Navigating Athletic Transitions: Lessons from Sam Dodge, Head of Strength & Power at Adelaide Football Club
Highlights from the episode:
- Advice and challenges for coaches transitioning from Rugby to AFL
- How he tackles neck training in AFL
- Difference between the head of strength and power of Rugy and AFL
- How he does primer sessions for rugby and footy
- How did he individualize his program for a large squad of 40-45 players
1. Cultural Adaptation in Athletic Transitions
Sam Dodge stresses the importance of quickly adapting to cultural differences when transitioning between sports. His experience highlights the need to respect and understand the unique dynamics of each sporting environment. The cultural adaptation extends beyond the nitty-gritty of strength and conditioning, emphasizing a holistic approach to integration.
2. Game Priorities: A Shift in Focus
Dodge sheds light on the fundamental differences in the priorities of rugby and AFL. While both sports demand strength and power, the emphasis varies. In rugby, physicality can determine the outcome of a game, while AFL puts a premium on the ability to run and maintain play. Understanding these distinctions is crucial for athletes leaping these codes.
3. Neck Training in Australian Rules Football
A fascinating aspect of Dodge’s insights is the attention given to neck training in Australian Rules Football. The unique nature of contact in AFL, with hits coming from all directions, necessitates specific training. Dodge reveals that neck strength training is consistently incorporated into the program, showcasing the commitment to addressing the sport’s distinctive physical demands.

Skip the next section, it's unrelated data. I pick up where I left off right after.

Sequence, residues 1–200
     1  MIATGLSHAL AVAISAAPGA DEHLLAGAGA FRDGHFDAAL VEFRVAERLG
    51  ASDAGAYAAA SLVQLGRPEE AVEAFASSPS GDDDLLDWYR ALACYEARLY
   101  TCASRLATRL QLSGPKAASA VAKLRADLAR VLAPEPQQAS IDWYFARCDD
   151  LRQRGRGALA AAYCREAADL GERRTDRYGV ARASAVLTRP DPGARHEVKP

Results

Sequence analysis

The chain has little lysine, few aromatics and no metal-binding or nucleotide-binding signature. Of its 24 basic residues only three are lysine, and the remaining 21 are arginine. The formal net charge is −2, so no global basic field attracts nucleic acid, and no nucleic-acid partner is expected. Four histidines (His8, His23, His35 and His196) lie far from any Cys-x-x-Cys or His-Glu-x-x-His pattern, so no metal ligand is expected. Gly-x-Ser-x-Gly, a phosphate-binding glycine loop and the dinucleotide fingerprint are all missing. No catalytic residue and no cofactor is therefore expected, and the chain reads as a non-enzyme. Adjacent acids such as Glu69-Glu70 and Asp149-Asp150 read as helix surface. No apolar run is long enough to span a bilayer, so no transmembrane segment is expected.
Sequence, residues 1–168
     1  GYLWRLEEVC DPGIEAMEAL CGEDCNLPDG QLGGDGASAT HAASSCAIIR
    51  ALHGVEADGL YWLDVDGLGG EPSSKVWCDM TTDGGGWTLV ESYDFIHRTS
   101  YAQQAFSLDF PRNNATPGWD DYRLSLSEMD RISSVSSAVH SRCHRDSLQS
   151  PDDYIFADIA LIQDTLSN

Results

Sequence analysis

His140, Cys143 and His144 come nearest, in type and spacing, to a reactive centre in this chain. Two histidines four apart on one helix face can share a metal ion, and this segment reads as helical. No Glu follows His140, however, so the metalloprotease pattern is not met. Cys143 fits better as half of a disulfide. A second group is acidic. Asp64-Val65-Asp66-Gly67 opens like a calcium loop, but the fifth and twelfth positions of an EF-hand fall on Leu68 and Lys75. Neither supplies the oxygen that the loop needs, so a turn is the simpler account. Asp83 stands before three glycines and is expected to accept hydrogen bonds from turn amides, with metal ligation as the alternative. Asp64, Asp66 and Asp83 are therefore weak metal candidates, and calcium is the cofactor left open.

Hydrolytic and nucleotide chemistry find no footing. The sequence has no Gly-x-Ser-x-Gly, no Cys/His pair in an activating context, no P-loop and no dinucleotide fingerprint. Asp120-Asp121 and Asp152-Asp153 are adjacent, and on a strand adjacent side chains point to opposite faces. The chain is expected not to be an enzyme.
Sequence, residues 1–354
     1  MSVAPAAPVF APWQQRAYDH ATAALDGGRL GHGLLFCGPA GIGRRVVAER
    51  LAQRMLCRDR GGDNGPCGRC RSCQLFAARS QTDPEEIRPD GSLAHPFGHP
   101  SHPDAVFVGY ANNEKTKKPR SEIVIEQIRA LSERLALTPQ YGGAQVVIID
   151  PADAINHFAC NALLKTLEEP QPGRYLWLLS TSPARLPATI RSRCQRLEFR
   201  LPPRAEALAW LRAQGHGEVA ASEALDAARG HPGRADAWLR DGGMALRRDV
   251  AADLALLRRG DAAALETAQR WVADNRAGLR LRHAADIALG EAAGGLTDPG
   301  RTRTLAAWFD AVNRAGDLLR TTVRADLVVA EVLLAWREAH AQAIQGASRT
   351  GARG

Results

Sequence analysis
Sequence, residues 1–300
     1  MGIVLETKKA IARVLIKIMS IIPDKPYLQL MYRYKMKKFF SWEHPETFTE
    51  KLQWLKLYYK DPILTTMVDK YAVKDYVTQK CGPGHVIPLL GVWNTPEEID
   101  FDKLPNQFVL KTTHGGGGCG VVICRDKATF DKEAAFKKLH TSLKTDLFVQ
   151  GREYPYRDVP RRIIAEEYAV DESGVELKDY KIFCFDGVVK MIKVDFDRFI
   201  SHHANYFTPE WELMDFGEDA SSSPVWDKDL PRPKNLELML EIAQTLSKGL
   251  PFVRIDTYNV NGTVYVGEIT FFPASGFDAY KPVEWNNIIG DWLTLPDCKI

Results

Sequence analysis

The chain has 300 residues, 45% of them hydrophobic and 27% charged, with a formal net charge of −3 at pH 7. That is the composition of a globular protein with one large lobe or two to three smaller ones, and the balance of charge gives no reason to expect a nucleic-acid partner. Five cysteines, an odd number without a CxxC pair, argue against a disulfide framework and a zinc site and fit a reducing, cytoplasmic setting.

4. Role Variation in Strength and Power Coaching
Dodge shares an unexpected aspect of his role at the Adelaide Crows – involvement in combat grappling. This revelation highlights the variations in the responsibilities of a Strength and Power Coach across different codes and clubs. It also underscores the adaptability required in such roles to cater to the specific needs of the team and its coaching staff.
5. Individualized Training: Tailoring Workouts for Success
A key takeaway from Dodge’s philosophy is the emphasis on individualized training. Managing a large squad of 40 to 45 athletes requires a nuanced approach. He advocates for a comprehensive profiling battery, including measures like max strength, jumping ability, isometric strength, and conditioning. This approach ensures that efforts in the gym are targeted and aligned with each player’s unique physical qualities.
Sam Dodge’s journey from rugby to AFL provides valuable lessons for athletes navigating similar transitions. Beyond the physical aspects of training, understanding and respecting the cultural nuances of each sport is paramount. The ability to adapt methodologies while acknowledging the distinctive priorities of the game ensures a smoother integration into a new sporting environment.
In the dynamic world of elite sports, the insights shared by Dodge serve as a guide for athletes and coaches alike. As the sporting landscape continues to evolve, the lessons learned from transitions between codes become increasingly relevant, shaping the way athletes approach challenges beyond the field of play.
Jack McLean is the founder of Prepare Like a Pro. He loves coaching people so that they can reach their personal/professional goals and become the best that they can possibly be. He is currently the Strength & Rehab Coach of Melbourne Football Club and has worked as Strength & Conditioning Coach at Hawthorn Football Club. Jack is a Level 3 Australian Strength & Conditioning Association and Professional Coach and a Level 1 Australian Weightlifting Federation Coach.